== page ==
Archive for June 2010

Democracy comes after eight thousand year journey

June 30, 2010

Istanbul in seven days led me to thinking how democracy make people live better as citizens. Walking around the streets of Beyoglu, a modern district of Istanbul where independence was fought,taught me that pluralism is possible in this age. People of various races,ethnicity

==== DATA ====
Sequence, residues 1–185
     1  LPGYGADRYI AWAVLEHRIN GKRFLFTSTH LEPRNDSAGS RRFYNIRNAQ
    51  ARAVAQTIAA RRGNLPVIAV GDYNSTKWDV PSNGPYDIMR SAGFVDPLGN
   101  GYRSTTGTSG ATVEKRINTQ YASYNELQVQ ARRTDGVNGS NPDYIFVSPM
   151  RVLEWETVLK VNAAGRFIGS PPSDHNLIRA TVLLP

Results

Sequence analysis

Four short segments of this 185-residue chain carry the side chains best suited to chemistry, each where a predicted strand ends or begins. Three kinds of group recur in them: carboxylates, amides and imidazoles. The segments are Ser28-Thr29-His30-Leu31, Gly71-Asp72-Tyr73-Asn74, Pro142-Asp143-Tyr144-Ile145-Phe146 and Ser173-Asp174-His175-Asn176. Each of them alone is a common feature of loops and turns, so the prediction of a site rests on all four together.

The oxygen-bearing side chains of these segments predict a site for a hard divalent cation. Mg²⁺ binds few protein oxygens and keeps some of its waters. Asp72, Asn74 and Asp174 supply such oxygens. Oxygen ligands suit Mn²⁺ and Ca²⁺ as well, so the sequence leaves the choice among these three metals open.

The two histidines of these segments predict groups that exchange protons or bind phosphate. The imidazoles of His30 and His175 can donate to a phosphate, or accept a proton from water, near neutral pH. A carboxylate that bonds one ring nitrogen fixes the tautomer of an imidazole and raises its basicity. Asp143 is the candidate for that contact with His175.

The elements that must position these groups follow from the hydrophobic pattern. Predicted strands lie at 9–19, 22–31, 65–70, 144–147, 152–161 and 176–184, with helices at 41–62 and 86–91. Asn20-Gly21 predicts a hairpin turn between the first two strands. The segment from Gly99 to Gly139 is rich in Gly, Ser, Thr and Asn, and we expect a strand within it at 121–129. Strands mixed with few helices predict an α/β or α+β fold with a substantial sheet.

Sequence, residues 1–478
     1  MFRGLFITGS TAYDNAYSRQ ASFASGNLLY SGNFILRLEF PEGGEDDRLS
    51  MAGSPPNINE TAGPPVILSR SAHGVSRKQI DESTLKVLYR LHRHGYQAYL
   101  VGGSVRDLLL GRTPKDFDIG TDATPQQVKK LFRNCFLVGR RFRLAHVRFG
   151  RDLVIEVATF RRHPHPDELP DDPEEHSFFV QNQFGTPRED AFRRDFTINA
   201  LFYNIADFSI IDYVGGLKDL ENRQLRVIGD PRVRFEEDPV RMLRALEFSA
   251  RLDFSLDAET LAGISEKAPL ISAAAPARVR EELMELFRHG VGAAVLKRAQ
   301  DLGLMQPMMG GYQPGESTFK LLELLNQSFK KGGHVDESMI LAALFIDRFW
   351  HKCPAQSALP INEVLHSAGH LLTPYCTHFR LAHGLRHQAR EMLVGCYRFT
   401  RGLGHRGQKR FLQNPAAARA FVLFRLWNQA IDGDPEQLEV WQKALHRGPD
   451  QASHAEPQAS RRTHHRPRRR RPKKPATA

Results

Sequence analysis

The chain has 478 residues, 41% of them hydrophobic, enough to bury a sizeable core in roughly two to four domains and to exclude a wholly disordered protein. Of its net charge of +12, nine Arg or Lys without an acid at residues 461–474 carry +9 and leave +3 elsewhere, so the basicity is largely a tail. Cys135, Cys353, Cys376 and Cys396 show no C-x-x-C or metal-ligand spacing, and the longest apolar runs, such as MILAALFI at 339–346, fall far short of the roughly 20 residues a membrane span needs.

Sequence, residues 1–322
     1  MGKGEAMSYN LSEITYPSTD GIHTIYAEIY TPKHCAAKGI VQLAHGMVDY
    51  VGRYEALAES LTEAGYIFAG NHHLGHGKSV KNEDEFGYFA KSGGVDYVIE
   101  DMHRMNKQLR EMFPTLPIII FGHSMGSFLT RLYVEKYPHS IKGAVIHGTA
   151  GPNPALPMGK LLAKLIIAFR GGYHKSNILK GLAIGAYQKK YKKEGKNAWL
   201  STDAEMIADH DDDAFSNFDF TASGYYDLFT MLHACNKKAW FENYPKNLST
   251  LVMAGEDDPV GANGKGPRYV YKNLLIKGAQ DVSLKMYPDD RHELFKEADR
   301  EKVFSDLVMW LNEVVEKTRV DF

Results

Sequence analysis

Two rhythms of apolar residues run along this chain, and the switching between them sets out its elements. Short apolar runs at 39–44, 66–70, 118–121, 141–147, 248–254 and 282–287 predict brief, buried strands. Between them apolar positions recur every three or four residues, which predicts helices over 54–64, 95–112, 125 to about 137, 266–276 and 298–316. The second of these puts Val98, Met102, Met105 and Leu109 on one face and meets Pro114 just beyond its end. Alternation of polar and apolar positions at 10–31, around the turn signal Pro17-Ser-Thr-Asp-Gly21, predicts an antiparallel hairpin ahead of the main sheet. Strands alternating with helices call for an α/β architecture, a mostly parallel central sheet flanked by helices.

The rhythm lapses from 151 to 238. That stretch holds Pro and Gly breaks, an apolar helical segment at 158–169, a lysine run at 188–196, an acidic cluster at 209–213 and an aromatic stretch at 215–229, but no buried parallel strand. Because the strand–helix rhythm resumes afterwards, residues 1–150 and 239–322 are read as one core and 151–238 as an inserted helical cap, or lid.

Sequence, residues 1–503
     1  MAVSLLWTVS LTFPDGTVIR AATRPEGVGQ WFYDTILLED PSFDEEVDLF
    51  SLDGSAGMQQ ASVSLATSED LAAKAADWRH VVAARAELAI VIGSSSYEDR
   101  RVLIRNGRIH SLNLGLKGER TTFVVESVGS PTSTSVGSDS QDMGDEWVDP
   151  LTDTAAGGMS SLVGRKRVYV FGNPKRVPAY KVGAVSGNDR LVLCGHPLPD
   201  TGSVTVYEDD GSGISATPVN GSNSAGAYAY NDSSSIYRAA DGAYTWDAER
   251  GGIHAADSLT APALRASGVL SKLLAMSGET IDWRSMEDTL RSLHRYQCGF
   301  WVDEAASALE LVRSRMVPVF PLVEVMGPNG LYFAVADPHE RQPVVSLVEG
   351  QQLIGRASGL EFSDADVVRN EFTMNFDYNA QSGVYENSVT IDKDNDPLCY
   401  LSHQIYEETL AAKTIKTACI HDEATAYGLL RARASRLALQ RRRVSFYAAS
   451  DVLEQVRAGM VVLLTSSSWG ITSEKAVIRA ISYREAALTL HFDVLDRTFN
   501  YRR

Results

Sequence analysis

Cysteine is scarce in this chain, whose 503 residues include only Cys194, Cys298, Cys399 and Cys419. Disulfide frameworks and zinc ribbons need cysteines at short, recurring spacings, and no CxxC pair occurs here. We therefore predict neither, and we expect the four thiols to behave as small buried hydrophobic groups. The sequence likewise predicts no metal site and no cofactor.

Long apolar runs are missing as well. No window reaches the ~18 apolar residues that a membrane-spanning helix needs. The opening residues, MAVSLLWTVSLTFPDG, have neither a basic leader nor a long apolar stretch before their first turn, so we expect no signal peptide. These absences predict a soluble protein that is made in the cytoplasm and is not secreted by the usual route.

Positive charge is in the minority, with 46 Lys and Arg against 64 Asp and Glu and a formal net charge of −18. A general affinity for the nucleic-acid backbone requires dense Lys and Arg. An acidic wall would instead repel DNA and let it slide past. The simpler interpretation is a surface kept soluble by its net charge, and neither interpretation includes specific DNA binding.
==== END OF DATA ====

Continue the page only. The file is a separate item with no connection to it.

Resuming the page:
religious,political and sexual persuasions live in Istanbul and it seems ethnic violence, except those of the Kurds, is at a manageable level.Ed and I saw all kinds of tolerance – from women wearing modern skimpy tops to women who wear chadors or burkas walking in public.We also saw how many merchants from other provinces of Turkey and even from Arabic countries are able to sell their wares in the markets. It is interesting to learn that the oldest mall is the Grand Bazaar and that it shouldered the cost of building the Blue Mosque and other mosques during the Ottoman empire in the mid15th century.But we also noticed that people with physical and mental disabilities still had to beg or sell token items like tissue paper and lighters to survive.We saw young  boys and old men work in the streets, selling water and carrying heavy loads . We talked to Filipina workers and they said that they had to get documented because Turkey is very strict with migrant workers . The marginalized ethnic group are the gypsies,young and old women with children begging in the streets. I asked Ed, ” how come there are so many of them begging?” Are they not citizens in this country? In Italy, the gypsies are also ostracized. I think in this age,there are still zones of exclusion,especially in large cities where the government cannot provide enough resources to meet the needs of all the citizenry. But the most important insight is that Turkey, which used to be the ancient Constantinople, took a very long journey to become a modern nation. The exhibit in Sakip Sabanci Museum gave us a snapshot of this 8000 journey. It involved the Greeks, Romans, Genoesans, Turks and they all built their empires that spanned many cultures and  eight thousand years. Hagia Sophia is the oldest symbol of the changes in perspective and culture. As we walked around its chambers, the Byzantine and Ottoman icons  and murals competed for glory. Ed and I were awed by its grandeur and when you see  its domes from the sea, land and air, the Hagia Sophia captures your imagination. I understood what it symbolized – the  power  of living dangerously and overcoming perils for 1397 years.  That is a long journey indeed!


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